I've named IRC in my estate because they are taking direct action to alleviate suffering in areas where it is easy to lose hope in humanity. My parents grew up in China during World War II and fled both a civil war and the Japanese occupation. As a young man, my father lived in cardboard shacks as a refugee in Hong Kong. Even though I don't know the people whose images I see today on news reports about wars and conflicts, they are not anonymous to me. I know they are somebody's loved one.
I like IRC because they share my commitment to understanding world issues and helping those in need. They grasp big picture complexities, yet their work is very personal. I've found the IRC staff to be exceptionally committed, bright and passionate. Conversations with them always give me the sense that we are partners. My relationship with IRC not only benefits others, it enriches my own experience as a human being.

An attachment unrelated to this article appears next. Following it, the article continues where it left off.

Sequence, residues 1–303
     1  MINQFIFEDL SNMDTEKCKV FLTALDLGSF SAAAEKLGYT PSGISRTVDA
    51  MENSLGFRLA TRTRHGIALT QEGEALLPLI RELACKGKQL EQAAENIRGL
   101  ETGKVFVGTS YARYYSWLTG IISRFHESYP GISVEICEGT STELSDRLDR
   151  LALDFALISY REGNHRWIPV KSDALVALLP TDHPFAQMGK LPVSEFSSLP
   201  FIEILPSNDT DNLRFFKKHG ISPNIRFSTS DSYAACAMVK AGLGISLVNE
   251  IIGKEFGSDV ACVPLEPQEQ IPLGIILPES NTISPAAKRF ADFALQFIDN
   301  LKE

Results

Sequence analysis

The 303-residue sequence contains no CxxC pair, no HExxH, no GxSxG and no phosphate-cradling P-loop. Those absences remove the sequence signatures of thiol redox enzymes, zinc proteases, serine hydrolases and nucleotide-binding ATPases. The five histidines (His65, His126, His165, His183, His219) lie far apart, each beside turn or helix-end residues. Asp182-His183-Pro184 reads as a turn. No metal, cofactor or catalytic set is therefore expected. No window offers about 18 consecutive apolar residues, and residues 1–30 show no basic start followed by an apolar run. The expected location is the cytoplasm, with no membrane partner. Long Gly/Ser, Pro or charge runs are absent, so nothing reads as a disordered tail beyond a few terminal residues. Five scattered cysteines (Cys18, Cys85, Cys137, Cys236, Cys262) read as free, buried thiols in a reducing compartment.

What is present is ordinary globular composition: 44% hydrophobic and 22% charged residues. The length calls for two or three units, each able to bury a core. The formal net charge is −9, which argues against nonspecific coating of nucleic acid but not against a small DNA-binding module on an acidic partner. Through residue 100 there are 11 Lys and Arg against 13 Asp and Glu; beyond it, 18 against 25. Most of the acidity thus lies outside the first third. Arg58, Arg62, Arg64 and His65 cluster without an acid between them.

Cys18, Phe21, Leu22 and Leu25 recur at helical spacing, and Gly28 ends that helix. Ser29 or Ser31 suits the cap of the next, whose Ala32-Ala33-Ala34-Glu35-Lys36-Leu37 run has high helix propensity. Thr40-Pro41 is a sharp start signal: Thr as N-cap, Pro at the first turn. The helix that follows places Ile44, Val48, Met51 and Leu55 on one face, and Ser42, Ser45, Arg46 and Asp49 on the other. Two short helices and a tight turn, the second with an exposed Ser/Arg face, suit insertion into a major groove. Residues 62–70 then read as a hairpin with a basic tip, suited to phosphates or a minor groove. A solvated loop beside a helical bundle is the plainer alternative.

My gift to IRC is a way for me to express gratitude for the life I've been given—one free from hunger, danger and ignorance. As IRC works toward stabilizing areas in strife, I hope that others may also have the opportunity, as I have had, to express the full potential of their talents and life paths.